An Anesthesiologist Assistant (AA) (not to be confused with anesthesiologist technician) is a highly skilled professional who works under the direction of a licensed anesthesiologist in a hospital, clinic or surgery center. These health care specialists operate anesthesia equipment, monitor patients before and after surgery and provide quality anesthesia care. They are trained to assist in life-saving measures, such as CPR, and life support. AAs are considered an extension of the physicians, as they perform critical tasks that ensure the safety of the patient while under the effects of anesthesia.

how to become an anesthesiologist assistant

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As an integral member of the Anesthesia Care Team, there are a variety of responsibilities:

  • Take a complete health history of the patient
  • Perform physical exams to identify any issues that may affect the anesthesia care plan
  • Prepare the patient to be monitored, using non-invasive and invasive methods, as determined by the physician
  • Assisting in the preparatory procedures, such as pulmonary artery catheterization, electroencephalographic spectral analysis, and echocardiography
  • Perform functions in the intensive care unit and pain clinic
  • Induce, sustain and adjust anesthesia levels


Anesthesiologist assistants must first complete a four year college degree, taking a pre-medical curriculum with course work in general and organic chemistry, advanced college math, general and advanced biology and physics. This degree may be obtained at any college or university in the U.S. offering the aforestated math and science courses. It is the next step where the choices are limited as there are only ten accredited Anesthesiologist Assistant schools in the United States:

  • Emory University-  Atlanta, GA
  • Case Western Reserve University-  Cleveland, OH; Houston, TX; Washington, DC
  • South University-  Savannah, GA
  • Nova Southwestern University-  Fort Lauderdale and Tampa, FL
  • University of Missouri-  Kansas City, MO
  • Quinnipiac University-  Hamden, CT
  • University of Colorado-  Aurora, CO

Currently, these are the only schools with AA educational programs according to the latest standards established by the Commission on Accreditation of Allied Health Education Programs (CAAHEP). These schools have an anesthesiology department within their respective medical school departments and have met the criteria of the Accreditation Council for Graduate Medical Education (ACGME).

Qualified student applicants must possess a baccalaureate degree and complete all of the premedical course work required by the typical american medical school.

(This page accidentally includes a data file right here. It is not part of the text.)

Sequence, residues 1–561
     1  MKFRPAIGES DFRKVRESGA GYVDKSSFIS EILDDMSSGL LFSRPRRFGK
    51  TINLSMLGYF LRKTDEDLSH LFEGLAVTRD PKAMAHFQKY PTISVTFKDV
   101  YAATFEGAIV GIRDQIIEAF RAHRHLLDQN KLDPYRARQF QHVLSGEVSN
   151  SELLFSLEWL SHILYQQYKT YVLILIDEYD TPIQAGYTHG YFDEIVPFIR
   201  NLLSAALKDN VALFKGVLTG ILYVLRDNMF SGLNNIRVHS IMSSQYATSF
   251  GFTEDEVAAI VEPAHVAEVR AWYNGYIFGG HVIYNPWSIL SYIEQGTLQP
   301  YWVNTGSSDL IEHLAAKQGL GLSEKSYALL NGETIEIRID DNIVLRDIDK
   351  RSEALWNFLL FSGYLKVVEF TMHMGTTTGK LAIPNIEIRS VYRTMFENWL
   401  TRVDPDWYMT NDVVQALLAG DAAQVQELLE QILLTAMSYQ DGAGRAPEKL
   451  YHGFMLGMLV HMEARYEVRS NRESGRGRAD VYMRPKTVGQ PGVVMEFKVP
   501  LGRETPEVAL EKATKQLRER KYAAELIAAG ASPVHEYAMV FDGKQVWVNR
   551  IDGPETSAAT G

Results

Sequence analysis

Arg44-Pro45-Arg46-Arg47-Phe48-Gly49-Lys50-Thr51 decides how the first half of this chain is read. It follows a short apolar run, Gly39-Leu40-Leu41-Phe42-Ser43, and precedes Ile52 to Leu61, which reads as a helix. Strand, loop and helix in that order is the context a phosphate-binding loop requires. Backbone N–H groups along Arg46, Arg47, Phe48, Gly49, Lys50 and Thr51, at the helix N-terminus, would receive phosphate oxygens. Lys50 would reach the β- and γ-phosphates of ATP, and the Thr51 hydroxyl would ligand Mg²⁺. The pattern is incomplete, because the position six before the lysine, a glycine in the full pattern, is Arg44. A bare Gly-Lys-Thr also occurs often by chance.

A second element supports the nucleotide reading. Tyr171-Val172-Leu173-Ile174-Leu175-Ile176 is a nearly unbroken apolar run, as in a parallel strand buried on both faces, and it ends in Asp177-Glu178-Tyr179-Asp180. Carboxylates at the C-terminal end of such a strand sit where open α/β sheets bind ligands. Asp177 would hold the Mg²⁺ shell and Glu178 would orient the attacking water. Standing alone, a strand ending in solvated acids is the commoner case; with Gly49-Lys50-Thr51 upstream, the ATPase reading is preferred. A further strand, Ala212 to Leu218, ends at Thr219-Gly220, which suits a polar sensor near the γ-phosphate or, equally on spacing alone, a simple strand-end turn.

Though minor differences between programs may exist, generalized admission requirements for students seeking entrance into an AA program include:

  • Bachelor’s degree from an accredited institution with a premedical sciences track
  • Two semesters of biology with laboratory
  • Two semesters of vertebrate anatomy and physiology (or other advanced biology) with laboratory
  • Two semesters of general chemistry; 1 semester of organic chemistry; a second semester of organic chemistry or biochemistry with laboratory
  • Two semesters of general physics with laboratory
  • Two semesters of advanced college mathematics including calculus
  • Either the Medical College Admissions Test (MCAT) or the Graduate Records Admission Test (GRE)

The AA program is a 24-28 month master’s level degree. Students complete 600 hours of coursework in the classroom and laboratory, a minimum of 63 didactic hours and 2,000 hours of clinical training. During the clinical portion, students will administer as many as 600 different anesthetics during a variety of surgeries. Clinical training also prepares students to monitor patients, operate anesthesia delivery systems and life support systems and accurately assess patients.

Students must pass a six-hour certification exam administered by the National Commission for the Certification of Anesthesiologist Assistants (NCCAA). Anesthesiologist Assistants are also required to complete 40 hours of continuing medical education (CME) every two years and pass a qualifying exam every six years.


According to CAAHEP, the starting salary is between $95,000 and $120,000 for full time positions. Most jobs are found in major hospitals where the projected job growth is expected to be 29% through 2022. This is an excellent profession for changes/additionals to its work force.